Access to information workload, 2008–2009 to 2010–2011

Text Version

How long it took to complete new requests, 2008–2009 and 2010–2011

Between 2008–2009 and 2010–2011, the proportion of new access requests Natural Resources Canada (NRCan) completed within the timelines (30 days and extended) set out in the Access to Information Act rose from 68 percent to 91 percent. The remaining requests were completed late: 111 requests in 2008–2009 and 28 in 2010–2011. In addition to decreasing its pool of overdue requests, NRCan completed them more quickly, finishing 79 percent within 30 days after the deadline in 2010–2011, compared to 54 percent in 2008–2009.

How long it took to complete new requests, 2008–2009 and 2010–2011

Text Version

Number and length of time extensions taken, 2008–2009 and 2010–2011

This graph shows the number and length of the time extensions Natural Resources Canada (NRCan) reported to have taken in 2010–2011. The institution supplied this information in the notices it sent to the Office of the Information Commissioner (OIC) under subsection 9(2) of the Access to Information Act. NRCan submitted fewer than 85 percent of the required notices in 2008–2009, at which point the OIC issued a recommendation that NRCan improve its performance in this area. In 2010–2011, NRCan submitted more than 85 percent of the required notices. The OIC notes the increased number of extensions NRCan took in 2010–2011.

Number and length of time extensions taken, 2008–2009 and 2010–2011

Text Version

Number and outcome of delay-related complaints, 2008–2009 to 2010–2011

These graphs show the number and outcome of two types of complaint registered against Natural Resources Canada (NRCan) in the three fiscal years starting in 2008–2009: complaints about deemed refusals (access to information requests that NRCan delayed beyond the deadlines—30 days and extended—set out in the Access to Information Act) and complaints about NRCan's use of the time extensions allowed under the Act. Overall, the number of complaints of which NRCan was the subject decreased by 55 percent from 2008–2009 to 2010–2011. There were no complaints about deemed refusals in 2010–2011, and the number of time extension complaints dropped by half from 2008–2009.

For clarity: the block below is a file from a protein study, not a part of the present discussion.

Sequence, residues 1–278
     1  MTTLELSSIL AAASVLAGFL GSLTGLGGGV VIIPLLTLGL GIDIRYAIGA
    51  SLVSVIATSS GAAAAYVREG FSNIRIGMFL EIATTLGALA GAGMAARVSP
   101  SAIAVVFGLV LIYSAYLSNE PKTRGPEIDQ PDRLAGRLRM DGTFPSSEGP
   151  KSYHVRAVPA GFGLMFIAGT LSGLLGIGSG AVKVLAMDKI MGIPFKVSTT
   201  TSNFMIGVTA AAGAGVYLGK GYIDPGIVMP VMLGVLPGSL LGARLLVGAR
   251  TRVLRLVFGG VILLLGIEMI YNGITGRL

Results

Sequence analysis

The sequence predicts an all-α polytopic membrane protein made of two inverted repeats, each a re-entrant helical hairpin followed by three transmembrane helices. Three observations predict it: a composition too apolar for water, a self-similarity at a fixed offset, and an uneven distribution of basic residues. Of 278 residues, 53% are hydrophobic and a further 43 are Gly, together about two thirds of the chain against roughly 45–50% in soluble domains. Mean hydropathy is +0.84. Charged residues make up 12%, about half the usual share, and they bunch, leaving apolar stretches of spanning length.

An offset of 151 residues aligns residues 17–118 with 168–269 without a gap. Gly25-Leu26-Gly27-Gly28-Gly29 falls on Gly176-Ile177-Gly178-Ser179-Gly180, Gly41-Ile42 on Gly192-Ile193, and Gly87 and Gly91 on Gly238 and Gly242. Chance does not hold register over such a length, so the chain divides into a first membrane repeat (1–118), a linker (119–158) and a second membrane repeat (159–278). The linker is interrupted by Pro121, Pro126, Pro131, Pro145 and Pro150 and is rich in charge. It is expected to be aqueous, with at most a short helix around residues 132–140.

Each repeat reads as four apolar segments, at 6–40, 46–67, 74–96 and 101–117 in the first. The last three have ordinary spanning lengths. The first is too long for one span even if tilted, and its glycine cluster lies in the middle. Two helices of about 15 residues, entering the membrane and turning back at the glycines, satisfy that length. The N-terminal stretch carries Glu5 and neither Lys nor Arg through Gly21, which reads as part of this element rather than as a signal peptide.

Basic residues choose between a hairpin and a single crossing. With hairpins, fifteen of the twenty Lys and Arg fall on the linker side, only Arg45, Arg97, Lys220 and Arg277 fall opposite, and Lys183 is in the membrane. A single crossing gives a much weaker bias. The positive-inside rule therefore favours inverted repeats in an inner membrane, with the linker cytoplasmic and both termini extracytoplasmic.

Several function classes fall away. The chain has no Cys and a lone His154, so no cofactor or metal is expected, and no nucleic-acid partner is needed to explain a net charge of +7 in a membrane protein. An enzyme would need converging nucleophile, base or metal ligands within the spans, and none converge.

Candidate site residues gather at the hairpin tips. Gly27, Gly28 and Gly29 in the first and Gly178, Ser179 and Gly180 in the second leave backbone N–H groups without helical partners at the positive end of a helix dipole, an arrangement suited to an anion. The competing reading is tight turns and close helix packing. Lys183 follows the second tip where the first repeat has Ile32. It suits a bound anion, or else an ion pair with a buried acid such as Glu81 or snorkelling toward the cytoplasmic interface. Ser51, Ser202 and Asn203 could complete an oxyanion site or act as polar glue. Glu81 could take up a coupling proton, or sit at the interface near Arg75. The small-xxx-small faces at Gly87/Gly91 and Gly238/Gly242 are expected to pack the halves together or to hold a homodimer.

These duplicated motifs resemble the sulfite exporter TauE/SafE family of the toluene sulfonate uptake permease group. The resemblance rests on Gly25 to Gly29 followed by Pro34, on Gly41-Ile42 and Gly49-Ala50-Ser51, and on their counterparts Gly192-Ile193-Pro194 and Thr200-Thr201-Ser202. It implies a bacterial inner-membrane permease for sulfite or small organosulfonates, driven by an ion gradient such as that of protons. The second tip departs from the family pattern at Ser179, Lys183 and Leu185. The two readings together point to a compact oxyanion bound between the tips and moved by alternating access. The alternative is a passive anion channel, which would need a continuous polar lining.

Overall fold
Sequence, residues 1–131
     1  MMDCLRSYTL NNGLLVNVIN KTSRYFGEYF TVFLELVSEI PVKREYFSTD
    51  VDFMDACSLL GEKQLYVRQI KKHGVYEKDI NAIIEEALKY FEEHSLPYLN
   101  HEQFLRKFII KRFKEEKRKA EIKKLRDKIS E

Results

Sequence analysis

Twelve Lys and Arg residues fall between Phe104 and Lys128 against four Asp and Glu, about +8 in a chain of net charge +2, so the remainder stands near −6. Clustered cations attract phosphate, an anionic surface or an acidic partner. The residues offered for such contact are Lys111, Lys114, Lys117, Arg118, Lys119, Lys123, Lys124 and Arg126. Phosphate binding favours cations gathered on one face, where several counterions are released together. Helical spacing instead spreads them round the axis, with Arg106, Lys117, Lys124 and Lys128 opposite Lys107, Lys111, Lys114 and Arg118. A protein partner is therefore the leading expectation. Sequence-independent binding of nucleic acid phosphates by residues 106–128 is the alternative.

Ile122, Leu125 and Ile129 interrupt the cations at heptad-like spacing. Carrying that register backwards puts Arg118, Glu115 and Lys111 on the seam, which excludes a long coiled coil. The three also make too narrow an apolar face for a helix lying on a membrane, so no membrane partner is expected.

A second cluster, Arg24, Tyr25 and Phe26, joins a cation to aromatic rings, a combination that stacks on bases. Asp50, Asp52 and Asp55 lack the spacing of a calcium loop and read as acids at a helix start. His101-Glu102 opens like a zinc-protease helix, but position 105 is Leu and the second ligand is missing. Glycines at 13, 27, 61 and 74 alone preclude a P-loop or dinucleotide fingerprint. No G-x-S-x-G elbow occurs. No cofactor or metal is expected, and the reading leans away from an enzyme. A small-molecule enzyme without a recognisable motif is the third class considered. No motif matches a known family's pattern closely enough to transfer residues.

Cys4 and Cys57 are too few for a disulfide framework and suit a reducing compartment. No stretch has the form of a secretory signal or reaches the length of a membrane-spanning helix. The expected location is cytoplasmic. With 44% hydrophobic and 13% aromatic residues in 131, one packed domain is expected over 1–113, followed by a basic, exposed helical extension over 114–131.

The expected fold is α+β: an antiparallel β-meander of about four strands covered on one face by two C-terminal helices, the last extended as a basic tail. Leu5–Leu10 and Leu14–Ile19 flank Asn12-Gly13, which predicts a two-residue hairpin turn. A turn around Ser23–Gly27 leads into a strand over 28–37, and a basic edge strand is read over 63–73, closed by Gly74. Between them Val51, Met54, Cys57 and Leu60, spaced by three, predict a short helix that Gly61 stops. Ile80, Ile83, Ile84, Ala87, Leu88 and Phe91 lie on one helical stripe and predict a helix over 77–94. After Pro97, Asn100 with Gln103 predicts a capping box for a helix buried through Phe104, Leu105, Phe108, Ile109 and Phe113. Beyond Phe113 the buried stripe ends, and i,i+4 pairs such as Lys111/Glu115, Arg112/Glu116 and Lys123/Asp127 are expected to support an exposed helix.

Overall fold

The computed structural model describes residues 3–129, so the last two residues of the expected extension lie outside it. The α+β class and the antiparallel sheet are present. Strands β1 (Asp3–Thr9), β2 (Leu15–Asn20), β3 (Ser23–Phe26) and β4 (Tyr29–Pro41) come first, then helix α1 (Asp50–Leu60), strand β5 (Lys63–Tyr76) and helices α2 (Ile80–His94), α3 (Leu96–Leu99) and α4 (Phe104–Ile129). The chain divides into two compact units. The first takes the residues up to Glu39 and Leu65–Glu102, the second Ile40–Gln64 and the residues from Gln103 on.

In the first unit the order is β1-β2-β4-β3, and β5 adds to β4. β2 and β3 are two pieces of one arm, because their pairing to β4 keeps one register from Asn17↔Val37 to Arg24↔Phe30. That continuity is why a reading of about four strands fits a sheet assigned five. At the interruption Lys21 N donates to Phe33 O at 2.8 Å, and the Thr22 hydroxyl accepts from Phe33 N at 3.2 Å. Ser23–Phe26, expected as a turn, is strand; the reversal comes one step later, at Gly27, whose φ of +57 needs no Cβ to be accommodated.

Number and outcome of delay-related complaints, 2008–2009 to 2010–2011

Text Version

* Resolved complaints are those that the Office of the Information Commissioner finds to have merit and that the institution resolves to the Commissioner's satisfaction.

Number and outcome of complaints received by the Office of the Information Commissioner, 2008–2009 to 2010–2011

This table sets out the number and outcome of the complaints the Office of the Information Commissioner (OIC) registered against Natural Resources Canada in the three fiscal years starting in 2008–2009. The number of complaints decreased by more than half in 2010–2011 from the level in the two previous reporting periods.

 

Resolved*

Not substantiated

Discontinued

Pending

Total

2008–2009
Administrative 1 4 1 0 6
Refusals 0 0 1 2 3
Cabinet confidences 0 2 0 0 2
Total 1 6 2 2 11
2009–2010
Administrative 2 2 1 0 5
Refusals 1 3 0 1 5
Cabinet confidences 0 1 0 0 1
Total 3 6 1 1 11
2010–2011
Administrative 1 0 1 1 3
Refusals 0 0 0 2 2
Cabinet confidences 0 0 0 0 0
Total 1 0 1 3 5

* Resolved complaints are those that the OIC finds to have merit and that the institution resolves to the Commissioner's satisfaction.

2010–2011 recommendations

Although NRCan's performance was better in 2010–2011 than it was in 2008–2009, a "C" grade is tenuous and indicates that there is still room for improvement. As a result, the OIC is issuing the following recommendations.